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-   -   Paris: Elevated Metros (https://www.fodors.com/community/europe/paris-elevated-metros-752608/)

PalenQ Dec 10th, 2007 12:12 PM

Paris: Elevated Metros
 
Though most Paris metro lines are underground there are some key ones that are built on pillars above the street.

On my first trip to Paris i found riding these raised metros fascinating - especially at night when the lights of the city and streets and neighborhoods seemed so enthralling - much better than a dark tunnel though underground stations do seem more interesting.

So if seeking out a different metro experience and see and not pass under where you're going search out the elevated metro lines. Metro maps at one time indicated raised lines but no more.

Plans to cover these noisy lines i think have been dropped. Can't recite what lines are over the ground but remember line 2 from Eiffel Tower area to Nation, going thru Pigalle may be largely and ligne 10 emerges from the ground to cross the Seine and remains above ground for a while.

rkkwan Dec 10th, 2007 12:17 PM

And those lines use rubber tires. I've only see them in Paris and Montreal. Anywhere else with rubber tires on subway trains?

gertie3751 Dec 10th, 2007 12:20 PM

Mexico city. Built by the French I believe.

PalenQ Dec 10th, 2007 12:24 PM

Paris ones yes i think were made with rubber not only to reduce noise but to gain sales for Michelin and to export the technology

i'm intrigued by rubber-tired metro question and will research it.

PalenQ Dec 10th, 2007 12:29 PM

Ah the Google research is so easy:

Wikipedia
Rubber-tyred metro is a form of rail transport, but using some road technology: the vehicles have wheels with rubber tyres (tires), but using a set of two ...
en.wikipedia.org/wiki/Rubber-tyred_metro

Montreal Metro's 759-car fleet runs entirely underground and uses exclusively rubber tires instead of steel wheels. As noted in the STM official ...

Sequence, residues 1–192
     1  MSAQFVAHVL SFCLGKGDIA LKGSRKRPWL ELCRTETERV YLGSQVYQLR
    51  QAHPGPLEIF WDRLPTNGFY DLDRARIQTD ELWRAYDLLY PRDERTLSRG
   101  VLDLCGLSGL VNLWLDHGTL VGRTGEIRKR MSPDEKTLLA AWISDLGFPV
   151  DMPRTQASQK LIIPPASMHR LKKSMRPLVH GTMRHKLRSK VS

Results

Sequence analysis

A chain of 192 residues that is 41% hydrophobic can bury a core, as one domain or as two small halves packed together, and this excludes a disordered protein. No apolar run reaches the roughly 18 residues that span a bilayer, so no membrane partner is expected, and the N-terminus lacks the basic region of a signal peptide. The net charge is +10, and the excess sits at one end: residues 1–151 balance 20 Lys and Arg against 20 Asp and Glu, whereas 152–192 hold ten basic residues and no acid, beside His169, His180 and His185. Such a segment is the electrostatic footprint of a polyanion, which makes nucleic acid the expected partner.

en.wikipedia.org/wiki/Montreal_Metr

Marc Dufour : Rail : Metro : The principle behind the rubber-tired ...The principle behind the rubber-tired metro History At left : The first ever rubber-tired parisian Métro at the Porte-des-Lilas station. ...
emdx.org/rail/metro/principeE.html -

Central Station >> Italian tramway and metro systems today
Two systems are in building: the first Torino automatic metro line with rubber-tired trains and the light metro line in Napoli. ...
digilander.libero.it/CentralStation/italy_tram_metro.htm

Paris MetroParis is the first city to introduce rubber tired metros on Line 11. Later lines 1,4 and 6 were converted to rubber tires. With the rubber tires, ...
ktransit.com/transit/France/Paris/paris_hr.htm

[PDF] Alstom_KTX.QXD/5File Format: PDF/Adobe Acrobat - View as HTML
rubber-tired metro for Lausanne. Transport. Project Story ... A world-leading supplier of metro solutions, including rubber-tired rolling stock ...
http://www.transport.alstom.com/_eLi...load_34736.pdf

lamgray Dec 10th, 2007 12:31 PM

Chicago El trains? I ride them to work everyday, but not sure what the wheels are made of.

http://marcel-marchon.com/img--11794...station--m.jpg

Waldo Dec 10th, 2007 01:15 PM

The absolute best view of the Eiffel Tower is the one from the metro, as soon as it goes from beneath the ground, to being elevated. Just before it arrives at the Bir Hakim station, and crosses the Seine, the train is in such a posture that the view from it is really magnificent. Every time I see that view, I want to stop the train and just stare.

BettyBoop Dec 10th, 2007 04:16 PM

A benefit of my forgetting to get off at Bastille to transfer, then finding myself heading out of the city (those tunnels can be hypnotic), I got off and reversed my trip.